Wattle Woods Seat

 Sitting in a sea of renga renga.
A shady seat under the wattles

The Wattle Woods seat is on the main path through the Wattle Woods. It is built from a railway sleeper resting on two brick columns.

This seat is in a magic spot - it is a log of wood floating in a sea of green Renga Renga leaves. It's peaceful and sheltered here in the dappled shade of the huge Wattles, where a large family of fantails has a permanent base.

Directly in front of the seat is a small triangular garden full of bergenias, hellebores, and a spotty leaved pulmonaria. A small path can be seen disappearing from here through a carpet of ajuga towards the glass-house. There are two variegated carexes alongside the path, several rhododendrons, and drifts of bluebells and snowdrops in spring.

A Seat With a View

This seat gives you good views of many areas of the garden. I can peep out to the Pond Paddock and see the decking and the pond-side plantings. Or I can look up the path towards the water race and the new gardens further on. On still days the water running through the race can be easily heard.

 Fantails fly around in the Wattles above.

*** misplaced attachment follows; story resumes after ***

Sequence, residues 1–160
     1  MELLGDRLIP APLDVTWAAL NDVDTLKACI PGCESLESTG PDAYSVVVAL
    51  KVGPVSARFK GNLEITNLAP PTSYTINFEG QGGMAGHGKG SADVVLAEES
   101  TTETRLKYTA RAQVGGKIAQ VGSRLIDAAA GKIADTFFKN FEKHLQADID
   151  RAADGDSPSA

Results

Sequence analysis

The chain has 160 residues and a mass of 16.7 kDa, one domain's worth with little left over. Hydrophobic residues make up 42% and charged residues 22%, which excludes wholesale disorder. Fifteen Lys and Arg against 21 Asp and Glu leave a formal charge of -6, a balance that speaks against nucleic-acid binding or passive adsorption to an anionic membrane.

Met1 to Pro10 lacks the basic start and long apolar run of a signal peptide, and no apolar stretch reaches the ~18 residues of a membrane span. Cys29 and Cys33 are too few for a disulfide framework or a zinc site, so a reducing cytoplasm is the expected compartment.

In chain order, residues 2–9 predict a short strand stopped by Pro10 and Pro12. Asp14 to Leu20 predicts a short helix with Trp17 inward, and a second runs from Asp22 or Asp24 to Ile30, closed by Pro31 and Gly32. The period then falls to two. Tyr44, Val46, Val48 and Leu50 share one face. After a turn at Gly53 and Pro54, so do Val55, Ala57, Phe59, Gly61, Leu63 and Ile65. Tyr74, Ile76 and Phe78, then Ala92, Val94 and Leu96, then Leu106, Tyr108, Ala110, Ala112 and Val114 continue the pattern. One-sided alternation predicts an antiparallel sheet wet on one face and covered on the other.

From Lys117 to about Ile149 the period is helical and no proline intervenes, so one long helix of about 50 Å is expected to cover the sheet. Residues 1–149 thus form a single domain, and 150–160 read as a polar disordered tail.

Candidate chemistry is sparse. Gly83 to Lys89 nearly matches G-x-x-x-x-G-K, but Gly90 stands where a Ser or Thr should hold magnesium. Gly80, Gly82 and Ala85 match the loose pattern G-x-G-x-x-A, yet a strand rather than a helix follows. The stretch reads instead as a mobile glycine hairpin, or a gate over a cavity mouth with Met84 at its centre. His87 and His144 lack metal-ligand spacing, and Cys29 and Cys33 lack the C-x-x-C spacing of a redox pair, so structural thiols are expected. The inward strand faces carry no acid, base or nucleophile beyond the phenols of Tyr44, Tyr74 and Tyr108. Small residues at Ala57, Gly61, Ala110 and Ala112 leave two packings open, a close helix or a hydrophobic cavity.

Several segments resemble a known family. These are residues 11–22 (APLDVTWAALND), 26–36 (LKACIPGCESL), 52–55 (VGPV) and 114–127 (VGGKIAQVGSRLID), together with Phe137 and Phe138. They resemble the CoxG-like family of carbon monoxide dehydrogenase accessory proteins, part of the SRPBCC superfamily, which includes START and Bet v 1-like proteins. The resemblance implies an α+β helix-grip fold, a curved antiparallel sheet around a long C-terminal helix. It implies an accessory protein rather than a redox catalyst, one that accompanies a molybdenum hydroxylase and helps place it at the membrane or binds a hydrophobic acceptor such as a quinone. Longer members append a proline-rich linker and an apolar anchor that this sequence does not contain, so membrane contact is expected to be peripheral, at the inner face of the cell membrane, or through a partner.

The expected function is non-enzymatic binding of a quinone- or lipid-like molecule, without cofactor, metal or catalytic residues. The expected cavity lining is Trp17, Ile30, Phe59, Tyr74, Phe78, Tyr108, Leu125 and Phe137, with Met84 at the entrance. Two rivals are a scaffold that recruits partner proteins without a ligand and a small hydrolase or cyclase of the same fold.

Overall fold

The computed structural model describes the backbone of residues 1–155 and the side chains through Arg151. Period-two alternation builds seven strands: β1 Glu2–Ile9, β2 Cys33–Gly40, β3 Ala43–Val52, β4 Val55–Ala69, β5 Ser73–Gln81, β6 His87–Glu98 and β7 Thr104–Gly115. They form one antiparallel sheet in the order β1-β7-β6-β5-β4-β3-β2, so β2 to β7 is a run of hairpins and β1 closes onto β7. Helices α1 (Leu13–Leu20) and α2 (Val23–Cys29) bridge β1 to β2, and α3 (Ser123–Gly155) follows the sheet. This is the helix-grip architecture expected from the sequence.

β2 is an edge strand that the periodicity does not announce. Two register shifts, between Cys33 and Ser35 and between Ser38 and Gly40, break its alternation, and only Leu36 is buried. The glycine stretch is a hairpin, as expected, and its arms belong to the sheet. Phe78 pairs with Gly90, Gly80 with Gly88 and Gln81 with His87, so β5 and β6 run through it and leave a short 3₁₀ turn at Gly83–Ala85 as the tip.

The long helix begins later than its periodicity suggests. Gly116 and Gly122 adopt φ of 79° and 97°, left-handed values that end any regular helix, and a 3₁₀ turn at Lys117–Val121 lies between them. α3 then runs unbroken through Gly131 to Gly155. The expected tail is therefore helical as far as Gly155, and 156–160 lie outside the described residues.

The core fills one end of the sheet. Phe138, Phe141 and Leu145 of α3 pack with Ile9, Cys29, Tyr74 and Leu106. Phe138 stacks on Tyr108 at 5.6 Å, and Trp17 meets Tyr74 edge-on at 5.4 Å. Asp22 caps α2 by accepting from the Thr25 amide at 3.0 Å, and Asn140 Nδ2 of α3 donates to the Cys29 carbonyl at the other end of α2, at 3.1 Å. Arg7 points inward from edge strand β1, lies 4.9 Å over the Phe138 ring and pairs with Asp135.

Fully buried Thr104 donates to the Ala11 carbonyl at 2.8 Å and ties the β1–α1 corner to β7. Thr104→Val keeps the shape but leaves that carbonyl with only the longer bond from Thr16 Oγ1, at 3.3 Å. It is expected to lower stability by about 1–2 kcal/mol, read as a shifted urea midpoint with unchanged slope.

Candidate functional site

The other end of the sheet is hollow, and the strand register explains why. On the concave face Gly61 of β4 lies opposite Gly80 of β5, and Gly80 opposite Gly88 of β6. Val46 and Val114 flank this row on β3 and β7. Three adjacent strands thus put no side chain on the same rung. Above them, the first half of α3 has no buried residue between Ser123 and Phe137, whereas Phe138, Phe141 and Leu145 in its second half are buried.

Wattle Woods seat from above

Sitting on the seat looking up to the glass-house I can see the JAM garden, with treasured plants donated by my good friend Judith Anne. Her favourite roses are still happily established next to my rugosa rose collection. What a pity that I don't know many of their names!

Hebes and Flaxes

The Wattles to the back are underplanted with hebes and flaxes, and in Spring this area is full of self seeded white honesty. It's a dry difficult area, and hard to keep clear of fallen gum leaves and strips of gum bark. Only tough plants survive.

My favourite and much maligned variegated mallows also live here, in front of two favourites - Cotinus and Miscanthus Zebrinus. There are many small patches of spring daffodils, too.

 Surrounded by green foliage.
The Wattle Woods Seat - Winter 2004

The Wattle Woods have survived a few winter snow storms - the last was in the year 2003. Many Wattle branches came crashing down with the weight of the wet snow, and there was much mess. The white rhododendrons (Everest) were smashed and splintered - I never liked them much, anyway!